lec09-scheduling2

lec09-scheduling2 - Lecture 9: CPU Scheduling Chapter 5...

Info iconThis preview shows pages 1–9. Sign up to view the full content.

View Full Document Right Arrow Icon
Silberschatz, Galvin and Gagne ©2009 Operating System Concepts – 8 th Edition, Lecture 9: CPU Scheduling Chapter 5 (cont)
Background image of page 1

Info iconThis preview has intentionally blurred sections. Sign up to view the full version.

View Full DocumentRight Arrow Icon
5.2 Silberschatz, Galvin and Gagne ©2009 Operating System Concepts – 8 th Edition Multilevel Queue Ready queue is partitioned into separate queues: foreground (interactive) background (batch) Each queue has its own scheduling algorithm foreground – RR background – FCFS Scheduling must be done between the queues Fixed priority scheduling; (i.e., serve all from foreground then from background). Possibility of starvation. Time slice – each queue gets a certain amount of CPU time which it can schedule amongst its processes; i.e., 80% to foreground in RR 20% to background in FCFS
Background image of page 2
5.3 Silberschatz, Galvin and Gagne ©2009 Operating System Concepts – 8 th Edition Multilevel Queue Scheduling
Background image of page 3

Info iconThis preview has intentionally blurred sections. Sign up to view the full version.

View Full DocumentRight Arrow Icon
5.4 Silberschatz, Galvin and Gagne ©2009 Operating System Concepts – 8 th Edition Multilevel Feedback Queue A process can move between the various queues; aging can be implemented this way Multilevel-feedback-queue scheduler defined by the following parameters: number of queues scheduling algorithms for each queue method used to determine when to upgrade a process method used to determine when to demote a process method used to determine which queue a process will enter when that process needs service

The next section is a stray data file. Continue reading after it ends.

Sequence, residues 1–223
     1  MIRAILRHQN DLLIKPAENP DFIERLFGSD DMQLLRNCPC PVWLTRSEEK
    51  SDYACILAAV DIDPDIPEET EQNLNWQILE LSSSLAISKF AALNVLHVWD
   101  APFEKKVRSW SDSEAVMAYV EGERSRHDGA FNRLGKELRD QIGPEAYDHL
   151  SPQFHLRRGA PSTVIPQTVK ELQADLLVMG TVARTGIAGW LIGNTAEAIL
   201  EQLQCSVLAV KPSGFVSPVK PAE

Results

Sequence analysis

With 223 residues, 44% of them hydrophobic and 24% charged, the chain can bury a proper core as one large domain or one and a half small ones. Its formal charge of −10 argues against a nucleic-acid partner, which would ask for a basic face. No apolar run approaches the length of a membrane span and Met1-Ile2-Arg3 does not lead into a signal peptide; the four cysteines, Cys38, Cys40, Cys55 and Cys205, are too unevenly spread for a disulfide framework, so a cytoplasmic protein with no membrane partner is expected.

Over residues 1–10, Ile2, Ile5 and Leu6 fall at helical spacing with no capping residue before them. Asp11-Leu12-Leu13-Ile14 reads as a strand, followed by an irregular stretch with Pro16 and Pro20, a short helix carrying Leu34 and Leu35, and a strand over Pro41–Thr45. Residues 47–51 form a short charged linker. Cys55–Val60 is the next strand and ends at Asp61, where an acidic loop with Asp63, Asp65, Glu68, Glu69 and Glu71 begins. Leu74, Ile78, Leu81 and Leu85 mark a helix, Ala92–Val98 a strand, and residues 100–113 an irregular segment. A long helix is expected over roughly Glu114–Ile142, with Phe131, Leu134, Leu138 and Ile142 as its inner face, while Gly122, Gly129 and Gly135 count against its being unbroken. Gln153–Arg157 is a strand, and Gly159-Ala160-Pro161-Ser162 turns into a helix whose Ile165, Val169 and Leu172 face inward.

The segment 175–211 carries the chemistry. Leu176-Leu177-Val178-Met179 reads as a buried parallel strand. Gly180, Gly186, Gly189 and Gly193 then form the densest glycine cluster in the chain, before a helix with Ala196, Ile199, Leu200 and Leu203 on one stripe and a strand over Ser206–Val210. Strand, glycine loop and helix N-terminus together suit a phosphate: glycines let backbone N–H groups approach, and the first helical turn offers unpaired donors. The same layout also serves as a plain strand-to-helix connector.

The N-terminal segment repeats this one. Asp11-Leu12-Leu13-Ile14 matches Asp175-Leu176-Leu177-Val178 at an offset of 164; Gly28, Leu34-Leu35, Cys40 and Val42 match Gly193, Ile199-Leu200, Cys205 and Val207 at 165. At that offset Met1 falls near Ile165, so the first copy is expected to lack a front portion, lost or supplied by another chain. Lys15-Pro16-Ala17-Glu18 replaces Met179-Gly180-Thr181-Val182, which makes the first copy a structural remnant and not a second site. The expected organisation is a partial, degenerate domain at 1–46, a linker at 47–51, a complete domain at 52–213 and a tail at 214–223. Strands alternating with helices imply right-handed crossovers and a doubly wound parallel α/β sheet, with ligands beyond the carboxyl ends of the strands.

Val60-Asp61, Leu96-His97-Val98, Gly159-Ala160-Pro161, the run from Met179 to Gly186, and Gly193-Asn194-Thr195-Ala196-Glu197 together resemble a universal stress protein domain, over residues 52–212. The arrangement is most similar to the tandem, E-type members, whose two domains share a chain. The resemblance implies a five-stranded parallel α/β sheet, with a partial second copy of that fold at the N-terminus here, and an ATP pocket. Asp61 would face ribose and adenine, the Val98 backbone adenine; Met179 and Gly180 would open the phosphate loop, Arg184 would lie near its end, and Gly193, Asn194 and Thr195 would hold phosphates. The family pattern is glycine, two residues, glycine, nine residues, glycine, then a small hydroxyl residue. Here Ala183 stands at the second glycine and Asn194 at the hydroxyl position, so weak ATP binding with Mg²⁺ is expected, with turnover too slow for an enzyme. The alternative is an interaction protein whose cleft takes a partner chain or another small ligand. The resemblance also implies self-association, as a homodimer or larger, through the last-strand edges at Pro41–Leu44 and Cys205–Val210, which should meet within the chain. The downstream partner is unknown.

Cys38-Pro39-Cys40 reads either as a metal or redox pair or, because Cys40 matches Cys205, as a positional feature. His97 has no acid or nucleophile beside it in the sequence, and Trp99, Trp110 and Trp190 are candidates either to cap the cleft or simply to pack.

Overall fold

Background image of page 4
5.5 Silberschatz, Galvin and Gagne ©2009 Operating System Concepts – 8 th Edition Example of Multilevel Feedback Queue Three queues: Q 0 – RR with time quantum 8 milliseconds Q 1 – RR time quantum 16 milliseconds Q 2 – FCFS Scheduling A new job enters queue Q 0 which is served FCFS. When it gains CPU, job receives 8 milliseconds. If it does not finish in 8 milliseconds, job is moved to queue Q 1 . At Q 1 job is again served FCFS and receives 16 additional milliseconds. If it still does not complete, it is preempted and moved to queue Q 2 .
Background image of page 5

Info iconThis preview has intentionally blurred sections. Sign up to view the full version.

View Full DocumentRight Arrow Icon
5.6 Silberschatz, Galvin and Gagne ©2009 Operating System Concepts – 8 th Edition Multilevel Feedback Queues
Background image of page 6
5.7 Silberschatz, Galvin and Gagne ©2009 Operating System Concepts – 8 th Edition In-class Problems (1) What advantages does a preemptive CPU scheduling algorithm have over a non-preemptive one? Why do different levels of a multi-level feedback queue CPU scheduler have different time quantum? Some would say that round robin CPU scheduling does poorly when faced with jobs of equal length. What is their reasoning?
Background image of page 7

Info iconThis preview has intentionally blurred sections. Sign up to view the full version.

View Full DocumentRight Arrow Icon
5.8 Silberschatz, Galvin and Gagne ©2009 Operating System Concepts – 8 th Edition In-class Problems (2) Assume you are given a uniprocessor system with one gigabyte of memory and a 300 gigabyte disk. The OS on the machine has a demand paged virtual
Background image of page 8
Image of page 9
This is the end of the preview. Sign up to access the rest of the document.

Page1 / 25

lec09-scheduling2 - Lecture 9: CPU Scheduling Chapter 5...

This preview shows document pages 1 - 9. Sign up to view the full document.

View Full Document Right Arrow Icon
Ask a homework question - tutors are online